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Wednesday, January 25, 2006

The big question in the wake of the Canadian election is whether the Conservatives will gut the Canadian-content regulations in the Canadian broadcast industry. Since Canadian shows really can't compete head-to-head with American TV content, these regs are the only thing keeping Canadian drama alive.

I'm of two minds about culture regs. On the one hand any time you start handing out money to creative people, they will think of creative ways to get their hands on the money. The result may be more what they're interested in doing than what people want to see.

On the other hand, governments starting with ancient kings have known that culture is what binds a society together. And you don't get culture if you don't pay for it. And there are synergistic benefits to having culture that add up to more than individuals are willing to pay. In other words culture is like the roads: if each person had to pay for their own section of roads, we'd have dirt paths and no bridges. If you hand culture off to the free market, you wind up with an impoverished society.

So I'm hoping the Conservatives won't have enough clout with their minority to gut all the Canadian-content regs in broadcast TV, as they surely would love to do.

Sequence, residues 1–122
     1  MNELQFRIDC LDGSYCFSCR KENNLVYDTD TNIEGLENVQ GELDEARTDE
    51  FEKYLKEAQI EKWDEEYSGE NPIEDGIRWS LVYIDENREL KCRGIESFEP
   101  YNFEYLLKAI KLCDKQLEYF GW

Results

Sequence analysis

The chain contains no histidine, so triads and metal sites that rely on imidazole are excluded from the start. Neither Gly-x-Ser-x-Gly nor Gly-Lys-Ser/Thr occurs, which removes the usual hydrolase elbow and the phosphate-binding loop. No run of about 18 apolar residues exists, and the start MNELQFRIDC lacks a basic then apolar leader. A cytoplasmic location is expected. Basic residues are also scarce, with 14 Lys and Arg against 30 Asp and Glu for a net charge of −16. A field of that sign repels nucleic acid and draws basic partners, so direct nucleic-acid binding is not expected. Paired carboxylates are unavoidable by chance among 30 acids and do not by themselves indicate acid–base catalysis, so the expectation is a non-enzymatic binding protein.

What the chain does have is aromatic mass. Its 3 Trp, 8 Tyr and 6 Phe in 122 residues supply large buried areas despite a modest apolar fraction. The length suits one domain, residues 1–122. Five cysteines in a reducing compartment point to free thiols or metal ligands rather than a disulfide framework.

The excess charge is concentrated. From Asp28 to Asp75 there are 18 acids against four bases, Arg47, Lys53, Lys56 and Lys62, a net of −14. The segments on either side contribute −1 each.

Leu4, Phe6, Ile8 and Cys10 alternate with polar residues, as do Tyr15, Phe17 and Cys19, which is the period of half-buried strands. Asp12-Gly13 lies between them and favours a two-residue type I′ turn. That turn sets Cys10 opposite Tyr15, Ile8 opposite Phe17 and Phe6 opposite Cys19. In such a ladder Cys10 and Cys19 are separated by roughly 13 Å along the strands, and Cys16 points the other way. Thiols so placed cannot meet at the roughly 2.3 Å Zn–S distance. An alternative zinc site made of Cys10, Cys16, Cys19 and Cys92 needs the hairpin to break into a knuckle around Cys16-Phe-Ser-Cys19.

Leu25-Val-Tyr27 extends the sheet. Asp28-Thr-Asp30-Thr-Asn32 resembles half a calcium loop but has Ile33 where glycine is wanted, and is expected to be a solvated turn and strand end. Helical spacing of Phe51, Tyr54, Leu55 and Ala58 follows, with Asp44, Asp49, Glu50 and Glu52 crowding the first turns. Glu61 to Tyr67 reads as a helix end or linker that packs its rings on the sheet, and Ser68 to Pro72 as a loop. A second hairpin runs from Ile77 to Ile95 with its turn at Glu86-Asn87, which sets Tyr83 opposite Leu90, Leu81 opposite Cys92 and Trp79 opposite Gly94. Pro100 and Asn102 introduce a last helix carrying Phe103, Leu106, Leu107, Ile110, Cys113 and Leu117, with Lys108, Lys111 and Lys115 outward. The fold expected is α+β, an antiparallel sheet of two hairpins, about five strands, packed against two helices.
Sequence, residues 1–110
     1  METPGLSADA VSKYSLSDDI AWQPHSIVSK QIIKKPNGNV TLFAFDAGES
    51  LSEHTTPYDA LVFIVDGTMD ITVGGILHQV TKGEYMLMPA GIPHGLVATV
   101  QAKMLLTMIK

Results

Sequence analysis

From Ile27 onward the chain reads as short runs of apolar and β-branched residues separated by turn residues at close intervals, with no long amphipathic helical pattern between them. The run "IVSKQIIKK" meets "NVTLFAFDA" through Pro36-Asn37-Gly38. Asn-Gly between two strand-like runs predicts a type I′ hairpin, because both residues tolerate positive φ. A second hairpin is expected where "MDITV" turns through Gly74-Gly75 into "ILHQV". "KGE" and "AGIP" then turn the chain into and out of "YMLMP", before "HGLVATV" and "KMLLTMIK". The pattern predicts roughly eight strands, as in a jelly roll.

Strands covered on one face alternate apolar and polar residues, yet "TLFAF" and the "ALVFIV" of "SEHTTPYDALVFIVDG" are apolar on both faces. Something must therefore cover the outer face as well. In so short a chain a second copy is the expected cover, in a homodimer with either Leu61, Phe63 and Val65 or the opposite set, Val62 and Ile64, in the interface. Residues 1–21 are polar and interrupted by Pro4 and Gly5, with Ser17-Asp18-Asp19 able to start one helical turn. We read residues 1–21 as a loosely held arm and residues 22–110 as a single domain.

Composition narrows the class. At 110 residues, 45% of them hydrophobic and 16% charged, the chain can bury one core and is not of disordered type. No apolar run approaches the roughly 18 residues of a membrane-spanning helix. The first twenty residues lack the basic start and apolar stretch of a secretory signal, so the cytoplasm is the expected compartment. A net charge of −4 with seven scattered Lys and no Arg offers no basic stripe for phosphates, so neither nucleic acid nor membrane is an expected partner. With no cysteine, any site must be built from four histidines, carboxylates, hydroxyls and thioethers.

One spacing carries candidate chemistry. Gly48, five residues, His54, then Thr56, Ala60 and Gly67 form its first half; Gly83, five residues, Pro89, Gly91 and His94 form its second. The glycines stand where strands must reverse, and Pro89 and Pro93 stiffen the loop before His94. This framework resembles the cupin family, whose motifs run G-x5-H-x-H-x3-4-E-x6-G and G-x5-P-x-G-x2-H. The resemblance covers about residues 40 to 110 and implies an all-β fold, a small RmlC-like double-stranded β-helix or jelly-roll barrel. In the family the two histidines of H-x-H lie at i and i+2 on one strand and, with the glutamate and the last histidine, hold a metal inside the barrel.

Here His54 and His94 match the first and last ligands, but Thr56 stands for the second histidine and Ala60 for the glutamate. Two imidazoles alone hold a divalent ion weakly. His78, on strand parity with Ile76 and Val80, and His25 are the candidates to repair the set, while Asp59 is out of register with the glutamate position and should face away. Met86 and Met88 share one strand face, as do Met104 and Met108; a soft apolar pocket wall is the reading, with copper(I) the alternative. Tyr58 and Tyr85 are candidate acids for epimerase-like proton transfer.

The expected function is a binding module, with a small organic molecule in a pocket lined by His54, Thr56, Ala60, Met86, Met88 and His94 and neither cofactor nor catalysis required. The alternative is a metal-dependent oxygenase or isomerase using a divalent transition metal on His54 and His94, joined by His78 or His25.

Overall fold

Are you saying that American programming has more popular appeal, even to the Canadian audience, but on some level, because American programming is in the hands of the free market, America is an impoverished society?

Or, would you argue that American programming is in some implicit way, actually benefitting from what amount to minimum content regulations in the form of hidden tax breaks, irregular accounting, and effective political lobbies (not to mention copyright extensions on things like Mickey Mouse) -- and that this explains America's ability to produce more appealing content?

Or are you saying that, no matter how good or bad American content is, what Canadian society (and every other society) needs to stick together is its OWN content?



By Blogger albert braun, at 5:59 PM  

I'm saying there's a benefit to Canadian society of having Canadian programming in addition to the American stuff. I'm saying it's worth spending tax money to support specifically Canadian cultural content.

By Blogger Alex Epstein, at 6:14 PM  

thanks for clearing me up on that.

i know we produce a hell of a lot of programming in the US. at the same time, i think a pretty strong case could be made that American society is impoverished. but America's problems seem even bigger than that: American society seems to be fragmented, fractured, disintegrated.

i wonder if even Japanese or Scandinavian levels of public arts funding could help this country forge a common culture in which everyone could participate and feel ownership.

it seems like things that work in other countries just don't work here.

By Blogger albert braun, at 10:59 AM  

There actually is a fair amount of government funding of the arts in the US (think PBS and the NEH). But more importantly, American culture is the dominant culture in the world, so practically, the rest of the world buys enough American product to support American culture. Moreover, the American home market is gigantic. So while a Canadian show needs protection to survive in an American-dominated market, HBO doesn't need support to produce its excellent shows. It's selling in a home market of say 280 million Americans with cable.

By Blogger Alex Epstein, at 11:12 AM  

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